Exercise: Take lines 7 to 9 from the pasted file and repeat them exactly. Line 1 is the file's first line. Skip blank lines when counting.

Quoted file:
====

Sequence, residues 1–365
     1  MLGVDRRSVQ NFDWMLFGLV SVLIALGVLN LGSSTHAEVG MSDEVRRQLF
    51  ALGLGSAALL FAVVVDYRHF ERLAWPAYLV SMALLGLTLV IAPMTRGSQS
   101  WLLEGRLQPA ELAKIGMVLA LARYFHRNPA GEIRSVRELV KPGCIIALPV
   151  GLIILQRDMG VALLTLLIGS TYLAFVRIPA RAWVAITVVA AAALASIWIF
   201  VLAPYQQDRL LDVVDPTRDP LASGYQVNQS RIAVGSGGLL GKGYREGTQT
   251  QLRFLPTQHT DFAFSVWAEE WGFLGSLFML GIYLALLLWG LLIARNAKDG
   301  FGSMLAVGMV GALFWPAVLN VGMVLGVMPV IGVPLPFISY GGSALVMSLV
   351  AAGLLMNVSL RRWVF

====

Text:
   251  QLRFLPTQHT DFAFSVWAEE WGFLGSLFML GIYLALLLWG LLIARNAKDG
   301  FGSMLAVGMV GALFWPAVLN VGMVLGVMPV IGVPLPFISY GGSALVMSLV
   351  AAGLLMNVSL RRWVF